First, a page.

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Chapter: 

I. Legal framework

Constitutional privacy and data protection framework

The Portuguese Constitution has extensive provisions on protecting privacy, secrecy of communications and data protection.1

Article 26 provides "everyone shall possess the right to a personal identity, to the development of their personality, to civil capacity, to citizenship, to a good name and reputation, to their likeness, to speak out, to protect the privacy of their personal and family life, and to legal protection against any form of discrimination; the law shall lay down effective guarantees against the procurement and misuse of information concerning persons and families and its use contrary to human dignity; the law shall guarantee the personal dignity and genetic identity of the human person, particularly in the creation, development and use of technologies and in scientific experimentation; deprivation of citizenship and restrictions on civil capacity may only occur in such cases and under such terms as may be provided for by law, and shall not be based on political motives."2

Article 34 provides the inviolability of "personal homes and the secrecy of correspondence and other means of private communication"; "entry into a citizen’s home" only by competent judicial authority and after complying with due process requirements; and a bar on non-consensual entry of a person's home at night unless in pursuit of a criminal, or with judicial authorisation as laid down by law. The article also prohibits public authorities from interfering with correspondence, telecommunications or other means of communication unless as provided by law in relation to criminal proceedings.3

In 1997, Article 35 of the Constitution was amended to give citizens a right to data protection. The Article provides that "every citizen shall possess the right to access to all computerised data that concern him, to require that they be corrected and updated, and to be informed of the purpose for which they are intended, all as laid down by law; the law shall define the concept of personal data, together with the terms and conditions applicable to its automated treatment and its linkage, transmission and use, and shall guarantee its protection, particularly by means of an independent administrative body; computers shall not be used to treat data concerning philosophical or political convictions, party or trade union affiliations, religious beliefs, private life or ethnic origins, save with the express consent of the data subject, with authorisation provided for by law and with guarantees of non-discrimination, or for the purpose of processing statistical data that cannot be individually identified; third-party access to personal data shall be prohibited, save in exceptional cases provided for by law; the allocation of a single national number to any citizen shall be prohibited; everyone shall be guaranteed free access to public-use computer networks, and the law shall define both the rules that shall apply to cross-border data flows and the appropriate means for protecting personal data and such other data as may justifiably be safeguarded in the national interest; personal data contained in manual files shall enjoy the same protection as that provided for in the previous paragraphs, as laid down by law."4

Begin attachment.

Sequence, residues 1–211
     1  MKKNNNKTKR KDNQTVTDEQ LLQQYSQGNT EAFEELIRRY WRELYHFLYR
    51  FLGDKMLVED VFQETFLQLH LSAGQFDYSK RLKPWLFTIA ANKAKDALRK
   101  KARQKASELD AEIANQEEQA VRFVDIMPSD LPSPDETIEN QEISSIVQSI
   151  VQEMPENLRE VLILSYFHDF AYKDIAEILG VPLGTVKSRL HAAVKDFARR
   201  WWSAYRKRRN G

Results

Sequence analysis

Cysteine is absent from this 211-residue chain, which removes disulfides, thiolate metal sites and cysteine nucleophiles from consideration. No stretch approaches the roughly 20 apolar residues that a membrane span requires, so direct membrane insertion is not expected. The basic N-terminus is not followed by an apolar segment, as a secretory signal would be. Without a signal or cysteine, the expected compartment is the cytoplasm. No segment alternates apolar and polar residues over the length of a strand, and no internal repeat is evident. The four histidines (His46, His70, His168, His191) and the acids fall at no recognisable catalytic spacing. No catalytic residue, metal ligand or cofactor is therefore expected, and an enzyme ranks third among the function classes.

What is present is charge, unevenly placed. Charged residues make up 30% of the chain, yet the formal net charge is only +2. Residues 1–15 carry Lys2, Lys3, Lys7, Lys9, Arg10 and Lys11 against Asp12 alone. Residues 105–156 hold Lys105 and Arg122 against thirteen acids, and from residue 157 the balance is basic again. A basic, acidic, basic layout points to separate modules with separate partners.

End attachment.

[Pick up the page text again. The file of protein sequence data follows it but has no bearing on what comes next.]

Privacy and data protection laws and regulations

Comprehensive law

The 1998 Act on the Protection of Personal Data adopts the European Union (EU) Data Protection Directive requirements into Portuguese law.5 It limits the collection, use and dissemination of personal information in manual or electronic form. It also applies to video surveillance or "other forms of capture, processing and dissemination of sound and images." It replaces the 1991 Act on the Protection of Personal Data with Regard to Automatic Processing.6

Sector-based laws